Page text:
Source: Bank of America, The Daily Shot.
Source: Bank of America, The Daily Shot.

So what’s the opportunity here?

Luckily for us, Goldman Sachs has screened for companies that could be well-suited for the stock replacement strategy this earnings season. The investment bank focused on stocks with liquid options (they can be bought and sold more easily), ones that have buy ratings and higher earnings estimates from the investment bank’s analysts versus rival banks, and ones that have underperformed the S&P 500’s 7% drop in the past three months.

Source: Goldman Sachs.
Source: Goldman Sachs.

Note that Goldman excluded energy and materials stocks, whose performance primarily swings with commodity prices. Some of the biggest names yet to report earnings are Amazon, Atlassian, and Shake Shack.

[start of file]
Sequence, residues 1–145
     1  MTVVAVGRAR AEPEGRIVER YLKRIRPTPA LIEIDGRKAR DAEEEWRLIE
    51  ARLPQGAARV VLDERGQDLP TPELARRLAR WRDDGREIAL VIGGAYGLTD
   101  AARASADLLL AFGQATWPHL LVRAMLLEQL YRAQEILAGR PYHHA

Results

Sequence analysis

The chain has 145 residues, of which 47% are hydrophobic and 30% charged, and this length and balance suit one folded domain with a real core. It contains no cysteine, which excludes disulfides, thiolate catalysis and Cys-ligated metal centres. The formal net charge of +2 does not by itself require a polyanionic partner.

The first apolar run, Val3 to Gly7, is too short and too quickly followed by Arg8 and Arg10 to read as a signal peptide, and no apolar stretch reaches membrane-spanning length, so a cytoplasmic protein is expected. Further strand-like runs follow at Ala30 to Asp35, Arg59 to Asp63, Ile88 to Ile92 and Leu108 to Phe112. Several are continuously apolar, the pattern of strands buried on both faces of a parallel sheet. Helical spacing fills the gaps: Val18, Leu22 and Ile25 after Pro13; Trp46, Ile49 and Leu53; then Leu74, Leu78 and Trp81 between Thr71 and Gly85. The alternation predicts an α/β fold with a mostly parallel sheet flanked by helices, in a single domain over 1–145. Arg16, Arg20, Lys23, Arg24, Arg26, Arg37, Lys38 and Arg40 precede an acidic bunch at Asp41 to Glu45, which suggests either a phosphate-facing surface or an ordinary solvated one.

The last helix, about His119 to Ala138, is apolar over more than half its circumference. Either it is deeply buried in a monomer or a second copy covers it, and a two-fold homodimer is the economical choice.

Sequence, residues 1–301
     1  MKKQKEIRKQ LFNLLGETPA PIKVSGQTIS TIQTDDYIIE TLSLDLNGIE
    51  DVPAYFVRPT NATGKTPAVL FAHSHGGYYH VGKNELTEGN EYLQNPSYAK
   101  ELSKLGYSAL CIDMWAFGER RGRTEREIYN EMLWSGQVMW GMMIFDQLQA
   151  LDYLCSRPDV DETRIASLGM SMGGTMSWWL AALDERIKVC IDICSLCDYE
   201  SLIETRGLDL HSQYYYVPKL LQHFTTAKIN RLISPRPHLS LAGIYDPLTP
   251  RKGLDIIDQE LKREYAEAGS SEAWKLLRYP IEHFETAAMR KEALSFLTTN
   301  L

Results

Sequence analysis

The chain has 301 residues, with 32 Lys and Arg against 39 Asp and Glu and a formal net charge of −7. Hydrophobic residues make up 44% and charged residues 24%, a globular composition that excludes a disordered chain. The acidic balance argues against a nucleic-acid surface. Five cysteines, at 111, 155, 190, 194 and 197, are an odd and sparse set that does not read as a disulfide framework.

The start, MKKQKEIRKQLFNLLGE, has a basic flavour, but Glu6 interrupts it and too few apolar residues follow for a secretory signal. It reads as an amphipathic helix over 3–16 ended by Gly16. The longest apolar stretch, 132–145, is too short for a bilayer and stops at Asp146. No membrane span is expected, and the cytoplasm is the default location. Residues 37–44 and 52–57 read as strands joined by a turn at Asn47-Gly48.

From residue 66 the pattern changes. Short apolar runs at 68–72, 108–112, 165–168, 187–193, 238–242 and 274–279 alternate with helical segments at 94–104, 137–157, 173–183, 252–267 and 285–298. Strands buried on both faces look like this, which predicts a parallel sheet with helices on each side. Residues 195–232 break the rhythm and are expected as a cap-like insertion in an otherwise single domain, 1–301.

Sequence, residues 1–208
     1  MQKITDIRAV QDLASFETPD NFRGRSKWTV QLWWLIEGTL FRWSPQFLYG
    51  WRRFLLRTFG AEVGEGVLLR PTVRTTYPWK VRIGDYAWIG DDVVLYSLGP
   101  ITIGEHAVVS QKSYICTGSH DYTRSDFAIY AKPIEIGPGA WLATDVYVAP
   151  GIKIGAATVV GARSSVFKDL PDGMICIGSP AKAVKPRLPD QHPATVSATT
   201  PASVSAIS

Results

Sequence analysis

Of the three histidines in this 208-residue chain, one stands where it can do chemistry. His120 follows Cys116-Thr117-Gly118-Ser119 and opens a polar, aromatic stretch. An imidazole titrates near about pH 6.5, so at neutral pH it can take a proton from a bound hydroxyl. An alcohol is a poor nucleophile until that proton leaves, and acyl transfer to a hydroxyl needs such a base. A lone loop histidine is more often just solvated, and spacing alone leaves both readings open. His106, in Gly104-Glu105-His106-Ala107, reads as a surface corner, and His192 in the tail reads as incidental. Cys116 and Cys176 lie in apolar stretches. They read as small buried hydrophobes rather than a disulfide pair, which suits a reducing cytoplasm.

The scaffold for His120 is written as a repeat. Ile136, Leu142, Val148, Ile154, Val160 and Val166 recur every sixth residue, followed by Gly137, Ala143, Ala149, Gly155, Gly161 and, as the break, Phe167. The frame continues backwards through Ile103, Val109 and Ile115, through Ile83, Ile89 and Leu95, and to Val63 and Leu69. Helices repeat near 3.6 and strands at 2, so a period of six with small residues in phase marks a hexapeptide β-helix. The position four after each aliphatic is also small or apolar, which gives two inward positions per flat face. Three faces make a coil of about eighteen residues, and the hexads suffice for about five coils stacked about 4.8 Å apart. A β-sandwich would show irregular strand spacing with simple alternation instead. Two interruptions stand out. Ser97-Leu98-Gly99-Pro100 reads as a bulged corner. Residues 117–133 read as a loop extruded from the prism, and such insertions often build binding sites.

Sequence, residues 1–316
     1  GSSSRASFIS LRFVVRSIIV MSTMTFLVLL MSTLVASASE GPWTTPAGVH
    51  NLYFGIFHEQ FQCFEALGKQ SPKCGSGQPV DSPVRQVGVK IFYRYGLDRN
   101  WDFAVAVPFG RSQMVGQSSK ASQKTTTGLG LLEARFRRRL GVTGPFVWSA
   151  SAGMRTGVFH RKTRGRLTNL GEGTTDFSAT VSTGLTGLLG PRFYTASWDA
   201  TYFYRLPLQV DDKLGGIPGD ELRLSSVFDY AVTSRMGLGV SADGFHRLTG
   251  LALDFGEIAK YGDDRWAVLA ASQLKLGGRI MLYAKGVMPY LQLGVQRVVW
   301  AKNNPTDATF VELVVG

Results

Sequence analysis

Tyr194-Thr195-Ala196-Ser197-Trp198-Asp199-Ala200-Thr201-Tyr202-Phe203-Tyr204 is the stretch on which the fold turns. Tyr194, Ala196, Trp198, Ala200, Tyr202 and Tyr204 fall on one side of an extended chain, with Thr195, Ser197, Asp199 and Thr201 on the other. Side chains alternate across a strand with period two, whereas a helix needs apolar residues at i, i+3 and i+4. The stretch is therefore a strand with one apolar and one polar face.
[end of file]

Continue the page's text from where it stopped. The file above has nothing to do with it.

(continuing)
For context on how to think through assessing these sorts of opportunities, let’s look at Atlassian, based on Goldman’s analysis. The firm recently upgraded Atlassian’s shares to buy from neutral, citing a “pivotal moment” in its cloud transition which’ll accelerate its growth. Goldman says Atlassian will have earned 15% more in second-quarter profit than other investors expect, and 9% more over the next four quarters.

According to Goldman’s calculations, the share price is apt to swing 12% in either direction when the company reports earnings – and likely higher if the bank’s bullish view on Atlassian’s earnings proves true. And investor expectations are more negative than positive at the moment, as measured by “options skew”, the proportion of options being used to bet on a lower future share price versus a higher one.